I have also read the proposal to establish a second C.I.C.M. province in the Philippines, an offshoot of that debacle. Those who proposed this had hoped it would” foster a positive tolerance for diversity ... [and] allow for attempts to live and do mission differently and in a manner close to the Filipino mind and heart, integrated in the people’s way of life.” This would have eased the conflict.

Alas, this was not to be. And so on June 12, 2002, anniversary of Philippine Independence and birth anniversary of C.I.C.M. founder Theophile Verbist, the parting of ways became complete.

The breakaway group chose Father Wilfredo Dulay, himself a gritty warrior, to be coordinator general. The M.J. is now under the benevolent protection of Archbishop Fernando Capalla, president of the Catholic Bishops’ Conference of the Philippines (CBCP). Former CBCP head and canon lawyer Archbishop Oscar Cruz acts as adviser.

It will take a while for the M.J., some of whose members have logged 30 to 48 years as C.I.C.M. priest-missionaries, to get pontifical status but this did not deter this band of brothers from breaking new ground and wading into new frontiers. A saint is not less a saint just because she or he is not yet canonized by the Vatican.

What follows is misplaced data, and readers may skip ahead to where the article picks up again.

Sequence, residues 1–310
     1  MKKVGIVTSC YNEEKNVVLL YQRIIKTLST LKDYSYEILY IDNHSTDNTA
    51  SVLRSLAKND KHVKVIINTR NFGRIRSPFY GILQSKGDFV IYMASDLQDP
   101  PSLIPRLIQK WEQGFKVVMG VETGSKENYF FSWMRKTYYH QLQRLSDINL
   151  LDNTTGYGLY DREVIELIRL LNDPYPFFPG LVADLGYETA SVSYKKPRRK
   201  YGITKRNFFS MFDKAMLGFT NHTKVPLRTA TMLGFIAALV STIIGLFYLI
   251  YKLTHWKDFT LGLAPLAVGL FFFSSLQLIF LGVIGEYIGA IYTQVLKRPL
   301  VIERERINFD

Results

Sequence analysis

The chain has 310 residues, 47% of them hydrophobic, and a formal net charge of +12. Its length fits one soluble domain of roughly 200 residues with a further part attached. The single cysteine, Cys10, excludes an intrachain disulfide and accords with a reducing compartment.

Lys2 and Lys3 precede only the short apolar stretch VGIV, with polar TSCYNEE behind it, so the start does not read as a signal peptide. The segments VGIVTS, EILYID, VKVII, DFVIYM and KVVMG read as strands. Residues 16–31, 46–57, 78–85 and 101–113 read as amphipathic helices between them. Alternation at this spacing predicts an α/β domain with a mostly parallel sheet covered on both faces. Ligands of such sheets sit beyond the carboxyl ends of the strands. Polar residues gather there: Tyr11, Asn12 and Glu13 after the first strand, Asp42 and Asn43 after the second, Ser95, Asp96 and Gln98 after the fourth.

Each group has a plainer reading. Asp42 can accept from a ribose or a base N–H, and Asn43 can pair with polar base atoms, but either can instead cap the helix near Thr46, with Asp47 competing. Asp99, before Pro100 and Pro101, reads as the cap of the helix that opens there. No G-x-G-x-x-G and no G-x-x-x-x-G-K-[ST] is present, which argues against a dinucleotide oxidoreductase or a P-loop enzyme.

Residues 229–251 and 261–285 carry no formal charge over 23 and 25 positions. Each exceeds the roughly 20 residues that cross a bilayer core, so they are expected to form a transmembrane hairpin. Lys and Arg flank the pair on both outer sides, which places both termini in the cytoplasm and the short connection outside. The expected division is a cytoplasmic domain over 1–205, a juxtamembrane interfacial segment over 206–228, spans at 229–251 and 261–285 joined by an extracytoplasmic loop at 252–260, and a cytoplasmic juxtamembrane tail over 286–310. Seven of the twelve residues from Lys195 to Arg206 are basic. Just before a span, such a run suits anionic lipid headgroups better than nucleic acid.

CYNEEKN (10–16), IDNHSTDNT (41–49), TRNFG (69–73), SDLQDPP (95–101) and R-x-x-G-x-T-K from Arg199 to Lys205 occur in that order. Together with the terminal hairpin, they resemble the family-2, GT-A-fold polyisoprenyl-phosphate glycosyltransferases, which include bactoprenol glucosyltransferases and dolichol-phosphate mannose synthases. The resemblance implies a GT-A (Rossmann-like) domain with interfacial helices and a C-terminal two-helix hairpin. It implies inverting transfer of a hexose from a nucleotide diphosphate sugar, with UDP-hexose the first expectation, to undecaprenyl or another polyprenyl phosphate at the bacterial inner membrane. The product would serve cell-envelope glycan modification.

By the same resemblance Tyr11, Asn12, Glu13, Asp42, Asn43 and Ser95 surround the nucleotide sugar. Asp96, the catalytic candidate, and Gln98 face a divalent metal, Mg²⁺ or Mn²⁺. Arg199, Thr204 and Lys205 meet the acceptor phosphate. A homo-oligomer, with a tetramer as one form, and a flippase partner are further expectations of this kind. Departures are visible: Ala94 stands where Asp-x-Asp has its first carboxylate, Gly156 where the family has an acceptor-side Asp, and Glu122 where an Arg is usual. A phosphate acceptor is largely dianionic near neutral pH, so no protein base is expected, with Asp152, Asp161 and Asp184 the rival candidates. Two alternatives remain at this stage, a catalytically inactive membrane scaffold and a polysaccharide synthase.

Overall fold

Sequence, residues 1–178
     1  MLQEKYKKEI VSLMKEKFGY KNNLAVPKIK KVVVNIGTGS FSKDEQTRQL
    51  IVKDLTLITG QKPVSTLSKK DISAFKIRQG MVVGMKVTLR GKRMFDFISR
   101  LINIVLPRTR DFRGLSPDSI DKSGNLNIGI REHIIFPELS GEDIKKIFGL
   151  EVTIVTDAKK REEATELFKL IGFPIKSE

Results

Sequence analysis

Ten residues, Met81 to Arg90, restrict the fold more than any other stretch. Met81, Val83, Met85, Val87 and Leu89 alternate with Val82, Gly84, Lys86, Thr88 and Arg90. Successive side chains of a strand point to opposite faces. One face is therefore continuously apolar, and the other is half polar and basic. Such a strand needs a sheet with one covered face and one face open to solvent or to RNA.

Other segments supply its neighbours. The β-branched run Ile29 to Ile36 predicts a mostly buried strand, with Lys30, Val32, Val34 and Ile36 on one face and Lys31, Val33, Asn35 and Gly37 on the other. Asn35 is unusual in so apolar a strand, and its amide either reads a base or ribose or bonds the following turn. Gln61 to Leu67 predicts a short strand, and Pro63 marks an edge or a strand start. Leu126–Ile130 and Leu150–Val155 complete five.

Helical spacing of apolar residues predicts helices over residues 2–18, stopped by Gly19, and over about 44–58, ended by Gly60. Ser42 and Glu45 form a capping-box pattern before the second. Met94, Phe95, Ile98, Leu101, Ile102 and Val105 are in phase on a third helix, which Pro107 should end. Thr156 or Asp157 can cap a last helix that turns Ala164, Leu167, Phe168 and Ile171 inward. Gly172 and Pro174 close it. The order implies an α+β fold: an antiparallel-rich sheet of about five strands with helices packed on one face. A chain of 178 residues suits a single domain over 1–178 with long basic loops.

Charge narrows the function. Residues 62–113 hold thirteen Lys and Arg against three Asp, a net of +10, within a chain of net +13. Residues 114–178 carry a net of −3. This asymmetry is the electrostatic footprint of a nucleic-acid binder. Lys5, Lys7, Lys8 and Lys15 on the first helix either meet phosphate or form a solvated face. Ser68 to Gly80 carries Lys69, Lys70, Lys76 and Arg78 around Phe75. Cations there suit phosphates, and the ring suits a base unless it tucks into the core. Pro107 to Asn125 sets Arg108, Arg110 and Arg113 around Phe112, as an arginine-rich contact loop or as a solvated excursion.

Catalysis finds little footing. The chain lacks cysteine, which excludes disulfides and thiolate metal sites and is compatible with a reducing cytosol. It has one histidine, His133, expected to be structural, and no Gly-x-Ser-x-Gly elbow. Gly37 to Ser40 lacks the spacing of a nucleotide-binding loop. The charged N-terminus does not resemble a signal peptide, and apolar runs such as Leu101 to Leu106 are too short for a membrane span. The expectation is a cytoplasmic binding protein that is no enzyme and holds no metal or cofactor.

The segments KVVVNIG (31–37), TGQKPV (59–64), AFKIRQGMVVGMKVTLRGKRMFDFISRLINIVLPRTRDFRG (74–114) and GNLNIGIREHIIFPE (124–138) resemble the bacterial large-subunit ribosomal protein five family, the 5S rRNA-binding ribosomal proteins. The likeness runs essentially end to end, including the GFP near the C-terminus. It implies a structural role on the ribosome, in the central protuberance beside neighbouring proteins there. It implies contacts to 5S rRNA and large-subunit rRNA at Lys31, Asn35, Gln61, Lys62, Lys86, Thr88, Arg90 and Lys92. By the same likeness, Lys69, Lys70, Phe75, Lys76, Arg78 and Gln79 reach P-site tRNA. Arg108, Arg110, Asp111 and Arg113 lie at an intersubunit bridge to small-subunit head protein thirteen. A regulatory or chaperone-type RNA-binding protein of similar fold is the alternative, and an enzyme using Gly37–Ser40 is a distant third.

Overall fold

Religious congregations splitting in half is not new. The matter of division of resources and granting of benefits often adds to the pain. Profit-oriented business corporations do better by their employees.

But that is not even the core issue. (Hey, it is a labor issue.) Father Dulay described the issue thus: “From the very beginning, the congregational charism rested on two foundational pillars: mission ad gentes and mission to the poor ... Has its actual practice deviated from the founding charism by devoting itself to pastoral work ad extra (attending to the pastoral care of Christians outside one’s own country) but neglecting mission ad gentes, which is the theological heart of mission: the good news must be proclaimed to all nations?”

The “rebels” had brought up the issue that 75 percent of their missionaries around the world were taking care of Christians mostly and not leaving their comfort zones.

My two cents worth: I think “jurassic” religious life, if it does not remain true to its mission and keep pace with the world, if it neglects contemplative prayer, will die out. New forms (lay communities perhaps?) will take its place.

Some years ago, I wrote an investigative series on European congregations, on the verge of becoming extinct, doing massive vocation recruitment among little-educated Asians who would care for their aged. This alarmed our Bureau of Immigration. Europe is drying up. As someone said, “The last surviving one will turn off the lights.”

“M.J.” was on the lips of Father Joe till the end. Some of his last words: “By the grace of God, little by little, I began to understand the will of God. I began to understand what life is all about.”

05 February 2004
MA. CERES P. DOYO, Philippine Daily Inquirer